Shares of Citigroup
) rose in early trading Monday after the Wall Street company reported better-than-expected
quarterly results. The celebration, however, may be premature because the earnings were not great.
Net income at the New York bank fell 12% to $2.95 billion. Revenue fell 10% to $18.6 billion as investment banking revenue fell 21%. Excluding one-time items, earnings were $1, beating the 89-cent consensus Wall Street forecast.
Investors need to remember that expectations for Citigroup and for JPMorgan
), whose results last week also beat Wall Street forecasts, were not high to start with and the results were nothing special. For instance, Citigroup's mergers and acquisition advisory service saw revenue increase 2% to $201 million, while debt underwriting fell 21% to $486 million and equity underwriting plunged 39% to $167 million. Revenue at Citigroup's global consumer banking business was unchanged at $9.8 billion as gains from the U.S. were offset by declines in international business.
Last month, Moody's Investors Service
slashed the rating of Citigroup and more than a dozen other banks, citing poor profits and an uncertain economic outlook. Though there seems to be some optimism about mergers and acquisitions and equity underwriting, these forecasts could be undermined if the economy continues to falter. Indeed, many experts argue that the economy in Europe may be getting worse.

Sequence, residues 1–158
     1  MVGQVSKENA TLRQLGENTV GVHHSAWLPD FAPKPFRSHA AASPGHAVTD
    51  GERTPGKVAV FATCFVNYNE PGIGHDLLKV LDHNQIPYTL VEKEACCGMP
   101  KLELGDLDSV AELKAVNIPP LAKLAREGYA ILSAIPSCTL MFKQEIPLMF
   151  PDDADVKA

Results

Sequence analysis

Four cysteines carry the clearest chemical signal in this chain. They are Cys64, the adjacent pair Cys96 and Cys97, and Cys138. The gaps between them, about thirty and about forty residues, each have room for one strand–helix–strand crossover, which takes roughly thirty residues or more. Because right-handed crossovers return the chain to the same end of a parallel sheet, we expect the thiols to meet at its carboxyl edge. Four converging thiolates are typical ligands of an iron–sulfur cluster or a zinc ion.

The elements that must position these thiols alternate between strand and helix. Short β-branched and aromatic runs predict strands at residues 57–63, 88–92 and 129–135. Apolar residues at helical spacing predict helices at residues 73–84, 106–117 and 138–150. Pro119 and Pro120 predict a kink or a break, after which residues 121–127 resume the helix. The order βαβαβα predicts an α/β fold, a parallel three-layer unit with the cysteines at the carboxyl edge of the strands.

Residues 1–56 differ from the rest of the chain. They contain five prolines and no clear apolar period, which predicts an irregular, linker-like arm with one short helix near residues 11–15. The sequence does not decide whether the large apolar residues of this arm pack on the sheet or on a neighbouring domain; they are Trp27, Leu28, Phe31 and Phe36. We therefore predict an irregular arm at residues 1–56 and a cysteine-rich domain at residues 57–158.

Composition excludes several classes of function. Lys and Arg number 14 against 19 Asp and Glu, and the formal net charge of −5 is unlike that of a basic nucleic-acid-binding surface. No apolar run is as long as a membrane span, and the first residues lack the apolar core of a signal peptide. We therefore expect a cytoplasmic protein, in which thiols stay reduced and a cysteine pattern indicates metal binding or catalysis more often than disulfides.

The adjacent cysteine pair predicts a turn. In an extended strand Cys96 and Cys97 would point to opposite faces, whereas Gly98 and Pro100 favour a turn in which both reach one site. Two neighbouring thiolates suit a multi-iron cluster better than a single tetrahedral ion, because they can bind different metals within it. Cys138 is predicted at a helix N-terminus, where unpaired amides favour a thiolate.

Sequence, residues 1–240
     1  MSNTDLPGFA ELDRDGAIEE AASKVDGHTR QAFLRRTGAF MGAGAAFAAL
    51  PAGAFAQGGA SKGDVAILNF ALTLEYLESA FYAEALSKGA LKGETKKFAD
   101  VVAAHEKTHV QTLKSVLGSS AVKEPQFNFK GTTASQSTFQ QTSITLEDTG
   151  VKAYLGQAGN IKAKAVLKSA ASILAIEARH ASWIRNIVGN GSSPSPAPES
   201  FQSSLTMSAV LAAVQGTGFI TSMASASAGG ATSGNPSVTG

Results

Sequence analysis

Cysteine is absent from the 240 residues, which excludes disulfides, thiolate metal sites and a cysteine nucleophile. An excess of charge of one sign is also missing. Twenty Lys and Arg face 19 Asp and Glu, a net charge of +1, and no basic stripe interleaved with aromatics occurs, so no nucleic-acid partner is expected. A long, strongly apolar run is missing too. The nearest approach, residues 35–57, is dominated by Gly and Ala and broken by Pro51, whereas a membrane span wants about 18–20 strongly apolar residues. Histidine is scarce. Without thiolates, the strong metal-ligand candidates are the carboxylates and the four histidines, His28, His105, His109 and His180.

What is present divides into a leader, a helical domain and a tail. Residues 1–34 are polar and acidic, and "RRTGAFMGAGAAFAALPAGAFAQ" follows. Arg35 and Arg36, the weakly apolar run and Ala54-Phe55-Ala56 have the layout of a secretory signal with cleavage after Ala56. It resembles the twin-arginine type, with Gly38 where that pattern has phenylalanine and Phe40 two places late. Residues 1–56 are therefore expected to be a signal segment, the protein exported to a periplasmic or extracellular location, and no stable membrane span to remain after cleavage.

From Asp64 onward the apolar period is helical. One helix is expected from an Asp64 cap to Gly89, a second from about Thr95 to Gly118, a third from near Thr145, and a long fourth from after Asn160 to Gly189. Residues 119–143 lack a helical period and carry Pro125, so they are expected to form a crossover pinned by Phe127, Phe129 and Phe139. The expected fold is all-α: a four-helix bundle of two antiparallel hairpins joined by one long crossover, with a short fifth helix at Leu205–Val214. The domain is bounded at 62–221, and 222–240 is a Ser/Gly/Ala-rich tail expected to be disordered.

If Citigroup can turn around its operations, business school students will study the company's turnaround for decades. Remember, it wasn't that long ago that pundits were calling for CEO Vikram Pandit to be fired and denounced the company as a hopeless basket case. Pandit, though, hasn't vanquished his naysayers yet. The next year or two will not be easy for anyone on Wall Street.
Citigroup certainly looks attractive on a valuation basis, however. It trades at a price-to-earnings ratio of 7.55. The average 52-week target price on the stock is $40.30, well above the $26.98 where it recently traded. While the potential rewards are huge, so are the risks. Most investors, except those with nerves of steel, should avoid Citigroup and other financial stocks for now.
Jonathan Berr does not own shares of the listed shares. Follow him on Twitter@jdberr.